How Penn State HealthWorks, peer educators provide aid to students throughout pandemic | University Park Campus News

Staying healthy has become more important than ever before at Penn State — both mentally and physically. While they’re not a stranger to campus, the university’s HealthWorks is striving to keep students at their best.

From stress and sleep to nutrition, HealthWorks provides students with a variety of health aid.

Penn State’s HealthWorks is a group of peer educators who are co-led by Katelyn Quick, a clinical dietician for Penn State Health Promotion and Wellness, and Erin Raupers, assistant director for Penn State Health Promotion and Wellness.

Split into two categories with peer educators, Quick focuses on outreach while Raupers takes on one-on-one student appointments. The overall goal for the program is to empower students to engage in healthy behavior and to advocate for a healthy Penn State community.

“I really feel strongly that health and wellness has to do with a holistic, whole-body approach,” Quick said.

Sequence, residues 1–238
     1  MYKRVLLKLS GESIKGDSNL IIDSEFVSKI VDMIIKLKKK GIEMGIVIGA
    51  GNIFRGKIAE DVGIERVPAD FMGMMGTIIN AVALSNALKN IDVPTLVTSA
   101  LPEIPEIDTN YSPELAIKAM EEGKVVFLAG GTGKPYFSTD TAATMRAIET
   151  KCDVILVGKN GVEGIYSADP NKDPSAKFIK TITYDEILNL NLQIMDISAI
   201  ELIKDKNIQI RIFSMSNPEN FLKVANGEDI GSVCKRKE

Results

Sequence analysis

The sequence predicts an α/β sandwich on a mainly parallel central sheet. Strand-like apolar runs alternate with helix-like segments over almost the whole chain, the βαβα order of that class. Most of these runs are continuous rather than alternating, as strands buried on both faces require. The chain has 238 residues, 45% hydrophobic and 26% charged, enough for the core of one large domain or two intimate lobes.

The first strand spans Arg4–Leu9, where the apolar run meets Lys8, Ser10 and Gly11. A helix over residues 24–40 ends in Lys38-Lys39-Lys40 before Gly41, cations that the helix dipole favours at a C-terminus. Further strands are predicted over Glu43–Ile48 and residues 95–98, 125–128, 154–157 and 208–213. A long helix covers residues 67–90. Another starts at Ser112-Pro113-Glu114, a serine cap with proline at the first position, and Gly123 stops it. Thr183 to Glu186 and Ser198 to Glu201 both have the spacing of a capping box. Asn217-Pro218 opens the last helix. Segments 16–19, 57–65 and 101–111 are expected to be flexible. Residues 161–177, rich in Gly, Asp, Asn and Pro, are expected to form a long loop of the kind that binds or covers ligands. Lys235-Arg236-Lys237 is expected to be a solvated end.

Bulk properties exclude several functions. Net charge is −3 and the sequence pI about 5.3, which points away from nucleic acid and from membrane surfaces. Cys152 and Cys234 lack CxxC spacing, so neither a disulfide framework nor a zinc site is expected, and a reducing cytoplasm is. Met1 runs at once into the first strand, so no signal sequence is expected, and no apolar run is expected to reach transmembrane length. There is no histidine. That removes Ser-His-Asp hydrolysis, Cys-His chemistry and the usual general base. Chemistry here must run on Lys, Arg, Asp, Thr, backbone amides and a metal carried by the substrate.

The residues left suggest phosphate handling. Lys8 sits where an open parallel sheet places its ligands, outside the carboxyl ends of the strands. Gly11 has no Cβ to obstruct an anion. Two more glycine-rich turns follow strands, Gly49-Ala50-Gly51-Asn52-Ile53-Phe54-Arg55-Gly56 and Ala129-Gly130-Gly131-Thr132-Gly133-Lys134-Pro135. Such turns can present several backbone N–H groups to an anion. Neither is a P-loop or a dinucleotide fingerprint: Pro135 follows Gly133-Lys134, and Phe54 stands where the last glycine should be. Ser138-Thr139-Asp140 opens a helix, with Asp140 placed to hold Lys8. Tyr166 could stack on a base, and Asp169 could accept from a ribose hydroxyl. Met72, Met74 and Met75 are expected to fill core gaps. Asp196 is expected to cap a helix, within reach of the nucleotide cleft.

Now held via

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Ask Us: Park fitness courses need clear instructions | Local News

Q: Hi, I read recently about proposed updates to Hiniker Park that included outdoor fitness equipment. I live near Highland Park and MSU where there are trails that have this type of equipment and I rarely (to never) see any adults using it, though my children think it’s fun to climb on (and a bit dangerous). I exercise regularly and most of the equipment is so obscure that I would never use it. Has the city considered this as they update parks? It seems the money could be used on trails or other park upgrades that people actually utilize instead. Wondering if this is just trendy?

Thanks!

A: Mankato City Manager Susan Arntz actually addressed that issue when discussing the planned park upgrades at Hiniker Pond Park, although that part of the interview wasn’t included in the stories in The Free Press.

Arntz said it’s crucial that public exercise equipment

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